Singapore: The Little Red Dot Speaks

2001

Michael D. Barr

Singapore thanked its lucky stars when Abdurrahman Wahid replaced B.J. Habibie as President of Indonesia. Senior Minister Lee Kuan Yew had earlier questioned Habibie’s suitability for the vice-presidency, so when he became president Habibie did not even make a pretence of being grateful for Singapore’s economic aid: ‘Look at that map’, he told Taiwanese journalists. ‘All the green is Indonesia. And that red dot is Singapore.’

Wahid seemed a breath of fresh air in Singapore-Indonesia relations. Singapore’s new President, S.R. Nathan, had already built a personal relationship with him as head of the Institute of Defence and Strategic Studies. Wahid visited Singapore almost immediately after his election and invited Lee Kuan Yew to join his International Advisory Panel.

But now Wahid has turned on Singapore, even threatening to cut off Singapore’s water supply (which is a novel idea since Indonesia does not supply Singapore with water). Singapore is said to be interested only in profit. It discriminates against its Malay minority. It is not interested in the well being of its southern and western neighbours. It allows oil smuggling from Indonesia. It is ‘manipulating’ Jakarta.

Senior Minister Lee’s lack of discretion seems to have been at least part of the cause for the latest rupture. He has made no secret of his growing exasperation with Wahid, and since the launch of the second volume of his memoirs, he has had plenty of chances for off-the-cuff remarks during his international promotional tours. Lee was reported to have said that Wahid’s days in office were numbered, and no one takes at face value official Singaporean denials. Lee’s second sin was that he failed to support Wahid’s call to expand ASEAN membership to include East Timor and Papua New Guinea, but it was his ‘unofficial’ comments that set an all-too-familiar background for regional friction – a pattern of diplomatic indiscretion by Lee that began in the 1960s.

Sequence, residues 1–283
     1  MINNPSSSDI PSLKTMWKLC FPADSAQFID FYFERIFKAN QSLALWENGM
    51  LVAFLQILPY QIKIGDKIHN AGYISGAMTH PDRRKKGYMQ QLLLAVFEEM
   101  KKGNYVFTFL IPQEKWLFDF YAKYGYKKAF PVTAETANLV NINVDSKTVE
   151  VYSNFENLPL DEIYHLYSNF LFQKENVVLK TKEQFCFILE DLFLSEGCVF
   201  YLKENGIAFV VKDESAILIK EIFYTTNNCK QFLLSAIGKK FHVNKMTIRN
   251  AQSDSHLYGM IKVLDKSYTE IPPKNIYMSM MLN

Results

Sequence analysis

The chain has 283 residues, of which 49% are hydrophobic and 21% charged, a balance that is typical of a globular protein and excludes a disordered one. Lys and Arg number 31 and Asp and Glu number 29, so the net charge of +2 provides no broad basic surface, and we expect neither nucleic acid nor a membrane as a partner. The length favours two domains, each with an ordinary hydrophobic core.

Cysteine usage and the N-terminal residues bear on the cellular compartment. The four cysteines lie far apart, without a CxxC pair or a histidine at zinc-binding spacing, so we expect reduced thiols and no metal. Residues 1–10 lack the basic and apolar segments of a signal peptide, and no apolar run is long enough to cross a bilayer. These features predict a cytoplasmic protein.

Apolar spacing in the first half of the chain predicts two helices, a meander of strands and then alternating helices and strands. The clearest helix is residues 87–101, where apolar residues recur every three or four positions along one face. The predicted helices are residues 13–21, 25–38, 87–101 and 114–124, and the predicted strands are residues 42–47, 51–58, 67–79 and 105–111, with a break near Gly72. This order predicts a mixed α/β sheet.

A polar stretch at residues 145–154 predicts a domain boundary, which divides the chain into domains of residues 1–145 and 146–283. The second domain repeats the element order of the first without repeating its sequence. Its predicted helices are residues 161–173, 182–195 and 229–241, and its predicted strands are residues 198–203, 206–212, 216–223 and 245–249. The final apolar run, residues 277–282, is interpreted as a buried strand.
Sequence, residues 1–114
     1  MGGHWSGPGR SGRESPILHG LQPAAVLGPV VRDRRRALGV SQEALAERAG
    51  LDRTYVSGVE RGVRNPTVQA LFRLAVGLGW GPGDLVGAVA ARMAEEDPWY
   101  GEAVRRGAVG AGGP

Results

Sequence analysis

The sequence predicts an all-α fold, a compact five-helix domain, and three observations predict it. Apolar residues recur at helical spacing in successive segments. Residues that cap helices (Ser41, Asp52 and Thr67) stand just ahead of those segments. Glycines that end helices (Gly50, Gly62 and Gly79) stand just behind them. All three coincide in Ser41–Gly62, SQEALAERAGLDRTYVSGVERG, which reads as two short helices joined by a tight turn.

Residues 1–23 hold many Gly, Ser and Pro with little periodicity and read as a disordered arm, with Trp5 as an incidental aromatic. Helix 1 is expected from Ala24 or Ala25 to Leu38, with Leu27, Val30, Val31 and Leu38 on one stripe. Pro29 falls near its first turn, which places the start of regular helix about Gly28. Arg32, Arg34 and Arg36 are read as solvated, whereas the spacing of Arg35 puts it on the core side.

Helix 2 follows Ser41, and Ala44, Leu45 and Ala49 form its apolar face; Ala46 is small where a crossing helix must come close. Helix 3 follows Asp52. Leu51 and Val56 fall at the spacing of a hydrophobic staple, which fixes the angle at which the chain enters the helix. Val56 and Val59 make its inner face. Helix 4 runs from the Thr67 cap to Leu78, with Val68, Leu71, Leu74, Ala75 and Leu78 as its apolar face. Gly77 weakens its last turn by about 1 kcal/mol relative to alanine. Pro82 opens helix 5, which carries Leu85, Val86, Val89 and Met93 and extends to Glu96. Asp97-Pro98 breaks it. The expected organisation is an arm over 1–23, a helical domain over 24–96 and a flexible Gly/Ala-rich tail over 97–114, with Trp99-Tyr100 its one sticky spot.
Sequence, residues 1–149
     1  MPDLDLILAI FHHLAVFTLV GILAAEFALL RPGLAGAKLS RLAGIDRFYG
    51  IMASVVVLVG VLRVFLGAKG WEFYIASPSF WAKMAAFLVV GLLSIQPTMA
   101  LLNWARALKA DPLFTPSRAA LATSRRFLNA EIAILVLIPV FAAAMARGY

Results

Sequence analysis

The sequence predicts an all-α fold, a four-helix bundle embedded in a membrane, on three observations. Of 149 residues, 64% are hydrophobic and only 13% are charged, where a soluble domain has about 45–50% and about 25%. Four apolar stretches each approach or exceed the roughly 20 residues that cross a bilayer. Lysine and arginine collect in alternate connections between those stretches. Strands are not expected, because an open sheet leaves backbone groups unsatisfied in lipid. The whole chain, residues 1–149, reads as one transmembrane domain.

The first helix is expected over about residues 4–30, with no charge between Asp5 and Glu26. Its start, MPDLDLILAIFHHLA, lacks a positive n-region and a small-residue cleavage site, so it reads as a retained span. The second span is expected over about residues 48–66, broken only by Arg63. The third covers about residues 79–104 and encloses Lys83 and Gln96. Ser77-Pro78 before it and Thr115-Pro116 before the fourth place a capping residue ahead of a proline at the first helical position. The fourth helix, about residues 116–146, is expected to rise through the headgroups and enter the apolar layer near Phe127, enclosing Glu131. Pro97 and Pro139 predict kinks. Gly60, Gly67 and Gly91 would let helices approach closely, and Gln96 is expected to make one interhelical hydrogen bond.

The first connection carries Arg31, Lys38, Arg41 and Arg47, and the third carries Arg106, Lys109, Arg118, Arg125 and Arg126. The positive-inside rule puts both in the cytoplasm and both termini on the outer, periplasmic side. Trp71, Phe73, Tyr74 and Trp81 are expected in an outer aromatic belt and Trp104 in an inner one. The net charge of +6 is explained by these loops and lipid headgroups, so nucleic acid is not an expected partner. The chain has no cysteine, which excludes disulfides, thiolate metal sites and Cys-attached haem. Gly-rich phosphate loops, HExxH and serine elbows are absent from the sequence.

In his new book, Singapore’s Foreign Policy: Coping With Vulnerability, Michael Leifer has put it succinctly: ‘Lee Kuan Yew has combined a razor-sharp intellect and a remarkable experience with a disposition for speaking his mind on political matters which has not always helped in managing relations with Singapore’s closest neighbours, Malaysia and Indonesia. Indeed, some of his obiter dicta have served to point up the persisting vulnerability of the Republic through the hostile reactions of those governments.’

WATCHPOINT: Will Lee Kuan Yew still be welcome at the January meeting of Wahid’s International Advisory Panel?

 

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